Gabe Newell, one of the founders, was asked this question about video games:

    “Digital Rights Management (DRM) is a sensitive issue. Many games have been the subject of boycotts due to a draconian use of DRM. The most extreme DRM forces players to be online, and to stay online, if they wish to play the game. What are your views on DRM?”

    Here is his response:

    “In general, we think there is a fundamental misconception about piracy. Piracy is almost always a service problem and not a pricing problem. For example, if a pirate offers a product anywhere in the world, 24 x 7, purchasable from the convenience of your personal computer, and the legal provider says the product is region-locked, will come to your country 3 months after the US release, and can only be purchased at a brick and mortar store, then the pirate’s service is more valuable. Most DRM solutions diminish the value of the product by either directly restricting a customers use or by creating uncertainty.

    “Our goal is to create greater service value than pirates, and this has been successful enough for us that piracy is basically a non-issue for our company. For example, prior to entering the Russian market, we were told that Russia was a waste of time because everyone would pirate our products. Russia is now about to become our largest market in Europe.”

    (source: http://www.tcs.cam.ac.uk/story_type/site_trail_story/interview-gabe-newell/)

    Now this is Russia, a country infamously known for people pirating. Russia has now surpassed the UK, Germany, France, or any other European country in sales. This isn’t some small company either, but a company estimated to having over 70% of all digital sales of computer games. They have over 40 million users. So they know exactly what they are talking about.

    I’m hoping more and more companies see the light, and take a realistic approach to piracy. I don’t agree with people who pirate things they’ve never paid for. People deserve to get paid for their work. But when they devalue their own products with restrictions against honest customers, they can’t be surprised.

  3. There are clearly two perspectives here. One is the consumer’s perspective and the other is the IP holder’s. This usually isn’t the artist that produced the piece. So, for me, there isn’t really an argument of Artists being caught in the crossfire here. Given revelations that most artists don’t get the money they deserve from the industry. You can disagree with that point but first read this: http://www.therecordindustry.com/courtney_artist_rights.htm.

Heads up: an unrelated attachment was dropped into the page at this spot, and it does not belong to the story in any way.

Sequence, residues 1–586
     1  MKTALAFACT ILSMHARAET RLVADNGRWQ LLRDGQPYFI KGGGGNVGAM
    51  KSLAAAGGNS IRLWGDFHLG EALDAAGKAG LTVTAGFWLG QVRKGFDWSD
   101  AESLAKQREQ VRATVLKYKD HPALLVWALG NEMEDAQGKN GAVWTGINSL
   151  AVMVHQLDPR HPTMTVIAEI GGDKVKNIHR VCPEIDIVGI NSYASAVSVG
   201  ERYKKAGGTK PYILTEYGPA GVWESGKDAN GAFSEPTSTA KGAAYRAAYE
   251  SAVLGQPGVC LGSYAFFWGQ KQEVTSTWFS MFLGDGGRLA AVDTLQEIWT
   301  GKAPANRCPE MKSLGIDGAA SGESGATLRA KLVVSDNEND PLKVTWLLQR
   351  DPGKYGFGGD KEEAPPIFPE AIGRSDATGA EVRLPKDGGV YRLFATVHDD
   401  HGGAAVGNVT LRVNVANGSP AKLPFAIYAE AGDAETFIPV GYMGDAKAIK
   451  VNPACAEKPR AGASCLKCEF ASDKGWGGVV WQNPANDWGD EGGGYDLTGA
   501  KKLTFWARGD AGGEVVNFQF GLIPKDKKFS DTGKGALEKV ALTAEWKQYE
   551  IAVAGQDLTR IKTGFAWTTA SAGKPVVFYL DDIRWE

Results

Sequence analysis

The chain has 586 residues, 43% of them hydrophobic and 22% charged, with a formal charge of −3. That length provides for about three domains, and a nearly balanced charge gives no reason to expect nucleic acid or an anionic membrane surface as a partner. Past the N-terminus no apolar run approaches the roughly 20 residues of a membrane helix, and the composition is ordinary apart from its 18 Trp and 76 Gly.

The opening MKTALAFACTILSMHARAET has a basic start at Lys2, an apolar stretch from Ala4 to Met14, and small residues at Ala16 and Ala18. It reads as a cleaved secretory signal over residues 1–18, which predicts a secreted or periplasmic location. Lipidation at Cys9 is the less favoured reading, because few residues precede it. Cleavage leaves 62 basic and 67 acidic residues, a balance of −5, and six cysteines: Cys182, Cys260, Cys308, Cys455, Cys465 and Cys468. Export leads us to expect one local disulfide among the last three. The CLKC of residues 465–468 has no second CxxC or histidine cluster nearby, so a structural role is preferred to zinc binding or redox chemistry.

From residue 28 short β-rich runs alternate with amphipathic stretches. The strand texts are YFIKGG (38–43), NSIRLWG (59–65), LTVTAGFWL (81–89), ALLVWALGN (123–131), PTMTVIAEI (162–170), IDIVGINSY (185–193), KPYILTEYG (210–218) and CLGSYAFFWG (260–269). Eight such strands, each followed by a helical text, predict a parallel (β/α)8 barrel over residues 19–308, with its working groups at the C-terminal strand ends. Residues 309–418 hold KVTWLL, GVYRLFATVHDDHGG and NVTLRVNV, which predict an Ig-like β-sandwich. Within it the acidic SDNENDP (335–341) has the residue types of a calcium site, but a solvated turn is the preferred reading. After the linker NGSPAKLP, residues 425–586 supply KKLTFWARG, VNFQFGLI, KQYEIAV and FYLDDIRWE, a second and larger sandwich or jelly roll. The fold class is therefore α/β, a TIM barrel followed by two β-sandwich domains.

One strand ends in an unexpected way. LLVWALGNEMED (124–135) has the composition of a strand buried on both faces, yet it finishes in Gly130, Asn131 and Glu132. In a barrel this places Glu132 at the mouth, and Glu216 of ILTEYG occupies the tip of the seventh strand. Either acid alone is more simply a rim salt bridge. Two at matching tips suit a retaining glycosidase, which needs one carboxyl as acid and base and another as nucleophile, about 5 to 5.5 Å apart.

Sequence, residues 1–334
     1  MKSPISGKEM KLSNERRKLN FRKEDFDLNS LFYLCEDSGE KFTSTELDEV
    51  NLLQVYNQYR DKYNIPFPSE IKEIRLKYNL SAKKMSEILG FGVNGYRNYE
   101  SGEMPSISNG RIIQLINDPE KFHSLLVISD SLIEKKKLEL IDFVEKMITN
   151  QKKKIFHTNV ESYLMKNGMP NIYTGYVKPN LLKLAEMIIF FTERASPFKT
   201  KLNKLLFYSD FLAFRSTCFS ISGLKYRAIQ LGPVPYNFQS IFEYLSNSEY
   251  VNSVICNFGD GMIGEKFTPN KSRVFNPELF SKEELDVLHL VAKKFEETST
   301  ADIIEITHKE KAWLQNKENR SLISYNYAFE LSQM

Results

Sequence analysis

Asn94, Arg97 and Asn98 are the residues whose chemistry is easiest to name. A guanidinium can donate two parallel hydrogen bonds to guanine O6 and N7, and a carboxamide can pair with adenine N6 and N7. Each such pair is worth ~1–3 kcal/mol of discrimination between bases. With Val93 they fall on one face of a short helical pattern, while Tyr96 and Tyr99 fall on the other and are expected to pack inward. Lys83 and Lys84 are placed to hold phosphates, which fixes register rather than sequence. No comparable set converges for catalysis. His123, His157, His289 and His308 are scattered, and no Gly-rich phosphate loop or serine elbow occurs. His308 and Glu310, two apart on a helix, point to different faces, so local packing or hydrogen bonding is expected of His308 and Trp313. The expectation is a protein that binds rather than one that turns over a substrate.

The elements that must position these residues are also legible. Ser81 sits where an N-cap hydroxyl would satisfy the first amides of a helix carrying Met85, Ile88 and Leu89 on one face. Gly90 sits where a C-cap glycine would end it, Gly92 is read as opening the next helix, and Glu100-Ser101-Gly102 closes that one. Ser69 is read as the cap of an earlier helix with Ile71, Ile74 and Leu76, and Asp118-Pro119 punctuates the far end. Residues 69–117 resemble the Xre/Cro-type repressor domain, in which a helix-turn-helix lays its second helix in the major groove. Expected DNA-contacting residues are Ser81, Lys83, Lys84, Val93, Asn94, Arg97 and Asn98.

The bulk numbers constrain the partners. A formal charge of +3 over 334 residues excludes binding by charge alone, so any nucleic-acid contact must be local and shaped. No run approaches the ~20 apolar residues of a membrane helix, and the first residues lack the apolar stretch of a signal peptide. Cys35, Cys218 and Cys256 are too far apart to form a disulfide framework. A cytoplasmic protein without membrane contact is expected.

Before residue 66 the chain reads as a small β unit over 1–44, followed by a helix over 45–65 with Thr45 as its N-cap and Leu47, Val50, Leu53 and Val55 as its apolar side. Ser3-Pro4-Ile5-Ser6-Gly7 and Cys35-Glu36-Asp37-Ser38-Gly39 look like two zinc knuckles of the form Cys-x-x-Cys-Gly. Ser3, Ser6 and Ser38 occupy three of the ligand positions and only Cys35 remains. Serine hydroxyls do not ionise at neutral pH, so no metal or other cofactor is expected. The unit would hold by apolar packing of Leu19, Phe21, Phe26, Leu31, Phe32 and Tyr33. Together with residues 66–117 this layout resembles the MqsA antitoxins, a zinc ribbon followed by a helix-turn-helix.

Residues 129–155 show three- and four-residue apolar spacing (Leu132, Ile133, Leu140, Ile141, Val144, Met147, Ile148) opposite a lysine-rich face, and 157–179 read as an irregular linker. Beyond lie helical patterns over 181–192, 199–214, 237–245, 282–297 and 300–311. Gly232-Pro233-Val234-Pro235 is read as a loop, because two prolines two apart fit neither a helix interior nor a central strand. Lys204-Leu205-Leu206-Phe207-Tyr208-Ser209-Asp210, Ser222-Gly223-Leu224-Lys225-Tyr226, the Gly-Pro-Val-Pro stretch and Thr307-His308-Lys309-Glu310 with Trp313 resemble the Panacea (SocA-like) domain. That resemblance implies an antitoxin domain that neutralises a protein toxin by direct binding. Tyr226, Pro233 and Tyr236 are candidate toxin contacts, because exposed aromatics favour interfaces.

In the battle between the IP holders and the rest of the World (which includes consumers and pirates) there seems to be a notion that tight control, DRM and draconian laws will improve the margin the IP holders can make. Name three other industries that act the same way. Ok, name one! The collective failure of the industry to let people explore the possibilities and to enjoy the fruits of this digital age goes against reason. People don’t think it is wrong, when they have paid for something to be able to use it – yet DRM makes that extremely limited. When they limit how they sell something as old and frankly unpopular as I-2-I or don’t make it available for sale at all then they drive people to look at bittorrent as an option.

    I think my favorite model of sale, distribution and management of digital media has got to be Steam (http://steampowered.com) which has a login that identifies you that allows you access to your content anywhere. It’s the deal of the century. They make money. The artists make money. Your investment is protected. There is no incentive to steal. The prices are kept low because lets face it not having to manufacture and ship anything other than organized electrons is how it should be.

    I agree with what Justin Carmony wrote. In quote Gabe Newell’s thoughts on Piracy vs. Service he hits the nail on the head. People know right from wrong and they want to do the right thing but they also recognize they have liberties and will do whatever they need to to keep them.

    I don’t understand SOPA. It hasn’t been sold well. I know generally from our history that whatever the name of the legislation is, it tends to do exactly the opposite. I feel that SOPA will CAUSE piracy. The guys who wrote it have never used Steam. They don’t in many cases even own laptops. They concieve of these things in the dark, getting information from very limited and biased sources. It just isn’t the best way to make policy.